Photo and videos — Dan Arestia

The Darien Times holds a biweekly coffee on Thursday mornings at the Sugar Bowl, and elected representatives occasionally stop by to engage with residents. Yesterday, U.S Congressman Jim Himes visited to answer questions covering just about any topic breakfast goers could ask. Topics included the U.S approach to North Korea, Himes role on the House Intelligence Committee and his colleague Devin Nunes, political activism and the women’s march, the fiscal situation here in Connecticut, President Trump, and more.

There was also discussion about the rising interest in Democratic Socialism among some youth in the country, and Himes engaged a young voter at the breakfast on the Hillary as opposed to Bernie question. Himes also talked about looking at that approach with an eye on the future, explaining that nothing is actually free, and while free college for everyone sounds great when you’re 20, you’d better also be happy about it when you have higher taxes when you’re 60 to cover the costs.

Himes also spoke about the wealth gap in America, and urged that a better educated population is one of the steps to addressing it. Himes said that the greatest indicator of future wealth and success was the education level of one’s parents, and that closing a wealth gap begins with improving the level of education in the youth. This doesn’t necessarily mean making sure every child has a four year degree, but learns a trade, or holds a certificate of some kind.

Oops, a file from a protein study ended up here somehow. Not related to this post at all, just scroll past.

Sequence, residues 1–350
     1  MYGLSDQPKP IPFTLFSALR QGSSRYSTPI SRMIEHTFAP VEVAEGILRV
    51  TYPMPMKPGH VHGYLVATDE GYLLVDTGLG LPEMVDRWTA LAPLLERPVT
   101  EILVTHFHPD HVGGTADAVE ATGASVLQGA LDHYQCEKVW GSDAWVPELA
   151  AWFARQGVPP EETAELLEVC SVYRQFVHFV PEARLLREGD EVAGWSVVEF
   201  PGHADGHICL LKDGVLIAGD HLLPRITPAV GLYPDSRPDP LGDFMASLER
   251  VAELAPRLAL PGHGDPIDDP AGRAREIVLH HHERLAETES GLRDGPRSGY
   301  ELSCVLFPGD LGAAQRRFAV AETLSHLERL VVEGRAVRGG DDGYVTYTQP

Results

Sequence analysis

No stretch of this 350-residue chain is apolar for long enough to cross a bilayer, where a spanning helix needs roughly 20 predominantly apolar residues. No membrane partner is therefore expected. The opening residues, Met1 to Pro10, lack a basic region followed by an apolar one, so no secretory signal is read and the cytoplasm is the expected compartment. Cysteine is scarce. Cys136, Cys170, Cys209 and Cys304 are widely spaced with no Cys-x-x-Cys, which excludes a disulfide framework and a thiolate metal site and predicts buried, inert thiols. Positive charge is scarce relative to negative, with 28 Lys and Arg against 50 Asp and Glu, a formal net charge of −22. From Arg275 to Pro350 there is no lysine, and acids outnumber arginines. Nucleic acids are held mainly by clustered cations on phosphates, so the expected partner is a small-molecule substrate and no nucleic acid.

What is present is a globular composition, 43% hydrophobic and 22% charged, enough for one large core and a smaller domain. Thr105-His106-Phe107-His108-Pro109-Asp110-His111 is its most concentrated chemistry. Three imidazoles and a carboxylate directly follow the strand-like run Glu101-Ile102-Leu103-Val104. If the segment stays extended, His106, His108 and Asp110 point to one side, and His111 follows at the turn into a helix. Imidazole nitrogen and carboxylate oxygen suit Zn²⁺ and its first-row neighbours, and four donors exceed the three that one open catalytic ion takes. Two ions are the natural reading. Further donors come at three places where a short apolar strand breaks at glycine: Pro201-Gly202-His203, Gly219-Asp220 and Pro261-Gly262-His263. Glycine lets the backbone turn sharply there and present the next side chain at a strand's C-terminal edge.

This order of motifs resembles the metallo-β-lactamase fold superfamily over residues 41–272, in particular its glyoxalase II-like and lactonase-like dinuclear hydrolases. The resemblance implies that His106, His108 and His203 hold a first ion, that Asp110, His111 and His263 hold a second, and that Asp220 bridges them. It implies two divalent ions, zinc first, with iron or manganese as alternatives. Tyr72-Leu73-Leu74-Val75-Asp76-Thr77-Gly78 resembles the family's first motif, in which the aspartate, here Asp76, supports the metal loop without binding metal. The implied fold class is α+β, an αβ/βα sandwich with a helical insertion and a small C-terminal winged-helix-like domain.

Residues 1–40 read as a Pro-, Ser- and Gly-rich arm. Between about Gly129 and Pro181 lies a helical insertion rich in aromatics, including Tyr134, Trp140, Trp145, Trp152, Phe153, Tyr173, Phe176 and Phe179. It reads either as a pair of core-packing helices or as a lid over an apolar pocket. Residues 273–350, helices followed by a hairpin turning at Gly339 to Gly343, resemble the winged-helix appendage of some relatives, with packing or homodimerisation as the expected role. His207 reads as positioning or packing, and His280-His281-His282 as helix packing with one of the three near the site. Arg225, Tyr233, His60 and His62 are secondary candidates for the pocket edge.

Congressman Himes answering a question on the women’s march, and if those in Congress have really taken notice.

Congressman Himes what he has been hearing from Connecticut business owners on the financial situation the state is in, and how to fix it.

Congressman Himes on things Dan Malloy has done to try to address the state’s financial issues, and what has worked. Also talks about pushing back on pensions, and considering highway tolls.

Congressman Himes on engaging the electorate, getting people involved, and building a strong political center instead of pushing people toward extremes.